I started in real estate as a landlord with the very modest goal of accumulating a few rental properties to supplement my income and to grow my net worth. Within a short time, however, I was studying all the different methods of real estate investing. I was particularly attracted to the idea of flipping homes. Not just flipping homes for a quick buck but the entire process of getting an ugly house and then selling a beautiful home to a family.
At the time, the local real estate market was in the early stages of the real estate boom. Rents were not rising as fast as sales prices. I could not buy a home and rent it for enough to cover the mortgage. The rental income on the properties I held did not justify the headaches created by tenants and property upkeep. One of my properties that generated a great deal of headaches had also significantly appreciated in value. I sold that home and put $50,000 in my account.
I now had the seed money to start my new endeavor and I had a plan. I was also familiar with the real estate market out west that had not yet benefited from the real estate boom. I took my windfall of cash and went property searching in Utah. I knew a local realty agent and had a family member who was in the construction business.
I knew the basic premise of flipping. I needed to buy a home for about 50 percent to maybe 60 percent of the end value, slap on new carpet and paint, and sell the home for a nice profit. However, most of the real estate professionals whom I approached were very unreceptive. Many did not think such efforts were worth their time. After several rejected offers, I started to believe them myself. Such discounts must be a myth. Eager to put my strategy to work, I bought a home in a nice community in need of modest repairs and at very modest discount.
I knew the numbers were tight from the beginning but I still thought I could make about $5,000 on the deal if everything went right. Right away, I had made a couple major miscalculations. First, it’s extremely rare that everything goes right. Second, my geographic location demanded that I completely abdicate project oversight to other people. I thought my contractor would be honest with me because of our relationship and further motivated by the hopes of additional future work. I also figured that the real estate agent, whom I trusted, would provide additional oversight. This theory failed on every level. In my experience, it is rare to find someone who performs well when oversight is lacking and they have little or nothing invested or at risk.
As the project progressed I assumed the renovations were going well. I was surprised at how long it took. I had to confront the contractor at one point and cajole him into getting the project done, but I just figured he was trying to juggle his business. Within a few weeks, I was told the home was ready to list. We put the home up for sale and waited and waited.
It was a tough market out there, and my plan required the home sell within three months to be profitable. As the months ticked by, interest devoured my profit. I had planned to make my home perfect and irresistible in every way.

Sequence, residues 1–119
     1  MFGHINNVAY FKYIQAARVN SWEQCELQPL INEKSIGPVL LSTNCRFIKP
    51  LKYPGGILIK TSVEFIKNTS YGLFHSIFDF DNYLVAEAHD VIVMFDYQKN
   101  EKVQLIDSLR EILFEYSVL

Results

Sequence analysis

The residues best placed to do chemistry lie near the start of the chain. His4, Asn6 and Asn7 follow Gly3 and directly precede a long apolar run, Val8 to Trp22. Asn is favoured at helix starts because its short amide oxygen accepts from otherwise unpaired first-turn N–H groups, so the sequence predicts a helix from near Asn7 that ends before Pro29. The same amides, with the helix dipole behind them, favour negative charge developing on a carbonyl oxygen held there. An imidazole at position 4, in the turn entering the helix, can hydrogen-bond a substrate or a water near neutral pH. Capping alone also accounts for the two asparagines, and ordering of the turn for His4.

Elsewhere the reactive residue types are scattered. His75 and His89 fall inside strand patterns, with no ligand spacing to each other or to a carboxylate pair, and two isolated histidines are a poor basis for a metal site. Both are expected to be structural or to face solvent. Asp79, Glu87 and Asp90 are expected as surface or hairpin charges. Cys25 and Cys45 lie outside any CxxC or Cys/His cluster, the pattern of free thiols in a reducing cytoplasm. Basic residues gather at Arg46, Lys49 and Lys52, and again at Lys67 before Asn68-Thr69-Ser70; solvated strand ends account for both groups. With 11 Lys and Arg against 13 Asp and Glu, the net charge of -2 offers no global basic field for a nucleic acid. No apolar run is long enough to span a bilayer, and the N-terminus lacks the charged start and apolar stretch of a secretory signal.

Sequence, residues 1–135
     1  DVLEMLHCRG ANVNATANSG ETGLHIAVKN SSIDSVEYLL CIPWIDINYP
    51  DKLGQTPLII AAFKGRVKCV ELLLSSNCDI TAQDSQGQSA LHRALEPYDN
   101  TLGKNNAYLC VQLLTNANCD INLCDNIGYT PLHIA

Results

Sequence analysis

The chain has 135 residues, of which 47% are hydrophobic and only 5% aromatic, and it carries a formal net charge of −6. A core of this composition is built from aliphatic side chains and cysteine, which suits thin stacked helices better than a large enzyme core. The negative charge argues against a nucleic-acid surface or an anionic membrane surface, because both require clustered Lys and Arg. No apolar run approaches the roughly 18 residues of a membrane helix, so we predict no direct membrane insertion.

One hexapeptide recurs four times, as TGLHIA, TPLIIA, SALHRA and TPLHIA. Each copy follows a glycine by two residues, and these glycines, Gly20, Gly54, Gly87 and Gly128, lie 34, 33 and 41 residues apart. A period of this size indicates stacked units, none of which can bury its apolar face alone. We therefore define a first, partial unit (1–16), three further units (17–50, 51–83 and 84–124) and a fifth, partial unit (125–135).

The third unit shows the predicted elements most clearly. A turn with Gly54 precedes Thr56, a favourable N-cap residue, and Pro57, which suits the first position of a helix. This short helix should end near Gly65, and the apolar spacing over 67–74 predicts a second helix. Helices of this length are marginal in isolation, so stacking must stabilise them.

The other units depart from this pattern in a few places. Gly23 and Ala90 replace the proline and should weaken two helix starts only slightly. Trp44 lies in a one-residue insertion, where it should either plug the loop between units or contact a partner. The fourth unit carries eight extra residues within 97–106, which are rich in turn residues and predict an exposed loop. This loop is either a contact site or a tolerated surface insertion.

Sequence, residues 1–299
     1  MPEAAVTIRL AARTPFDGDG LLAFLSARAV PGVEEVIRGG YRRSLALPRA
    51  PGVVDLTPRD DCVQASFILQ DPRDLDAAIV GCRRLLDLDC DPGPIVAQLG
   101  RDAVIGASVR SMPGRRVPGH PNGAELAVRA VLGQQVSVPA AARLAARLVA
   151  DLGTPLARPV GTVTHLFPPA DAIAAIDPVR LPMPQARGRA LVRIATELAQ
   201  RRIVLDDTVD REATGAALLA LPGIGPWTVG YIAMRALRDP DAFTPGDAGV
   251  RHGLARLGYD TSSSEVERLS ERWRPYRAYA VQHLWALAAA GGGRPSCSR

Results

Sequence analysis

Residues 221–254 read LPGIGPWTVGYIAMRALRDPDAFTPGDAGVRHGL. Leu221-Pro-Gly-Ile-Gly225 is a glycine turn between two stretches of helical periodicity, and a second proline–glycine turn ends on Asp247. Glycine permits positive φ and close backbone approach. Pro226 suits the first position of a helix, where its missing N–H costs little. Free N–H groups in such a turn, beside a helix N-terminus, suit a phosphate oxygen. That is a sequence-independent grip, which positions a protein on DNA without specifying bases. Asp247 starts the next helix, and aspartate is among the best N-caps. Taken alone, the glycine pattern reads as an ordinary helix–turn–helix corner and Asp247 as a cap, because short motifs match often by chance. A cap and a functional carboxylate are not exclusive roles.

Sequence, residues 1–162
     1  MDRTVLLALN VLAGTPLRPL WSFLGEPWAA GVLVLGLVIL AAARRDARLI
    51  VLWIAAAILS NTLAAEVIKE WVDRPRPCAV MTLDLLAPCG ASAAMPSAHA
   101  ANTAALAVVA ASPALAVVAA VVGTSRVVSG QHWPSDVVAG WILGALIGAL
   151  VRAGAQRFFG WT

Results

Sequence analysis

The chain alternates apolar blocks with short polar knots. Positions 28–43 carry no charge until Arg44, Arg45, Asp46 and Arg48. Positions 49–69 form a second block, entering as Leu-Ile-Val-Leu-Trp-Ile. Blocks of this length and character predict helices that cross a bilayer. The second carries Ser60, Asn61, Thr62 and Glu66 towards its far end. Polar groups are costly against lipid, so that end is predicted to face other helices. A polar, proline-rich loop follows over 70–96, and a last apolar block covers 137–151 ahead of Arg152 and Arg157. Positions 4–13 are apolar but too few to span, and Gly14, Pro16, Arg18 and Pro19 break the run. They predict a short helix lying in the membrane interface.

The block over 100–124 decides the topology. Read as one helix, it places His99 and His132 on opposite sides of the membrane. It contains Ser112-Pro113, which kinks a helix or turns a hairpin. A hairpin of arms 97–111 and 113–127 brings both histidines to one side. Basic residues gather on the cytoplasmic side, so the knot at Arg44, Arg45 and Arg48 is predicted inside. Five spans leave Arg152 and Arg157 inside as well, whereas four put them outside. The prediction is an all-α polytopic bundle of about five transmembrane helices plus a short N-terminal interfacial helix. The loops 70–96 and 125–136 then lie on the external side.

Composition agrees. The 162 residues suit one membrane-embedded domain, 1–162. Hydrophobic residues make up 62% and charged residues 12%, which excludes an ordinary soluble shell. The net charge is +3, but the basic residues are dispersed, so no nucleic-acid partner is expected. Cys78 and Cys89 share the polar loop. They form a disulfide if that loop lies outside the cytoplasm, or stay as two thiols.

The agent got a commission when I purchase the home and she agreed to a discounted commission on the sale. However, I found that she had equally reduced the buyer’s agent’s commission. Unfortunately real estate agents, like all of us, look out for their own self-interests and they naturally push the homes that are most profitable to them. When I confronted her about this she got angry. I was shocked because this was our deal from the beginning. She was also 30 miles away from the project and made very few trips out to the home, held no open houses, and to my knowledge did nothing more than list the home and stick a sign up front. She was also supposed to be my second set of eyes on the project but apparently rarely went out and or was reluctant to report negatively on the contractor.
After months of waiting, I finally made a trip out to the project and was shocked at what I saw. The contractor had used a sprayer to paint, which is fine, but it was the sloppiest paint job I’d ever seen. He’d bought enough carpet to cover the home, with enough left over to finish his basement. I’d paid for a deck that should have taken him five days to finish and it was to have a built-in hot tub. All he did was throw 2x4s on the ground and slap decking on top. As the summer set in, no attempt was made to maintain the yard.
In the end, it took several weeks of my own time to fix the problems. I fired my real estate agent and hired a local agent. Within a week of completing my work and hiring a new agent, the home had a solid contract but the damage was done. My losses exceeded $10,000, but my lessons learned were priceless.
Justin Pierce is a real estate investor in Northern Virginia. In his occasional column, he will write about investing in real estate.